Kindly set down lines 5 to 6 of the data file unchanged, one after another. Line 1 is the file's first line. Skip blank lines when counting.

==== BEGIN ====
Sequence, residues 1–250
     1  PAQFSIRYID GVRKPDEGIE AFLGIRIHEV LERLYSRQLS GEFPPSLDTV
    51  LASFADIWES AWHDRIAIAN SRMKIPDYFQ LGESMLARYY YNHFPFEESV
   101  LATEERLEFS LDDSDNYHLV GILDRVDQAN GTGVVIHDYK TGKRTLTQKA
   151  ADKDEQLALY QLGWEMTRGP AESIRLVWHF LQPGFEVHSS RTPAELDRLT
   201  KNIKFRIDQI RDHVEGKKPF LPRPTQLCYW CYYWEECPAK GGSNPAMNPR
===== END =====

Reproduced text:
   151  ADKDEQLALY QLGWEMTRGP AESIRLVWHF LQPGFEVHSS RTPAELDRLT
   201  KNIKFRIDQI RDHVEGKKPF LPRPTQLCYW CYYWEECPAK GGSNPAMNPR